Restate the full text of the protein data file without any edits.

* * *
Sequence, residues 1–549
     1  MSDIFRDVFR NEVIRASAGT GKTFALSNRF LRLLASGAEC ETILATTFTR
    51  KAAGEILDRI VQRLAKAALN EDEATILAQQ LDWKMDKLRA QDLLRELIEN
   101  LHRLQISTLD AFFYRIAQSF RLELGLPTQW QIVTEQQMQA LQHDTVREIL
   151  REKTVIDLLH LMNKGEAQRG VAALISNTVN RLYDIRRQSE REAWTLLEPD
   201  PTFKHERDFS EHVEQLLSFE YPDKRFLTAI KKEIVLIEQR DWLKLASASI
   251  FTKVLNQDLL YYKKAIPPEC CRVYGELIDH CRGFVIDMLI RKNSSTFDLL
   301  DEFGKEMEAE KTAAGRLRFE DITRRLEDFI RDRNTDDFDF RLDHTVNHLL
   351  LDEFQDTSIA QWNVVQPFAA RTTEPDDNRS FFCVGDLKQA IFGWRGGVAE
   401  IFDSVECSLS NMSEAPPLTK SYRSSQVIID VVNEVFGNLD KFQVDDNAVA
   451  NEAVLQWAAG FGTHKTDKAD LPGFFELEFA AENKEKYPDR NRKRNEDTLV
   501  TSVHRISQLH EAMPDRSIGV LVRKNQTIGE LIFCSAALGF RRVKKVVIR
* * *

Sequence, residues 1–549
     1  MSDIFRDVFR NEVIRASAGT GKTFALSNRF LRLLASGAEC ETILATTFTR
    51  KAAGEILDRI VQRLAKAALN EDEATILAQQ LDWKMDKLRA QDLLRELIEN
   101  LHRLQISTLD AFFYRIAQSF RLELGLPTQW QIVTEQQMQA LQHDTVREIL
   151  REKTVIDLLH LMNKGEAQRG VAALISNTVN RLYDIRRQSE REAWTLLEPD
   201  PTFKHERDFS EHVEQLLSFE YPDKRFLTAI KKEIVLIEQR DWLKLASASI
   251  FTKVLNQDLL YYKKAIPPEC CRVYGELIDH CRGFVIDMLI RKNSSTFDLL
   301  DEFGKEMEAE KTAAGRLRFE DITRRLEDFI RDRNTDDFDF RLDHTVNHLL
   351  LDEFQDTSIA QWNVVQPFAA RTTEPDDNRS FFCVGDLKQA IFGWRGGVAE
   401  IFDSVECSLS NMSEAPPLTK SYRSSQVIID VVNEVFGNLD KFQVDDNAVA
   451  NEAVLQWAAG FGTHKTDKAD LPGFFELEFA AENKEKYPDR NRKRNEDTLV
   501  TSVHRISQLH EAMPDRSIGV LVRKNQTIGE LIFCSAALGF RRVKKVVIR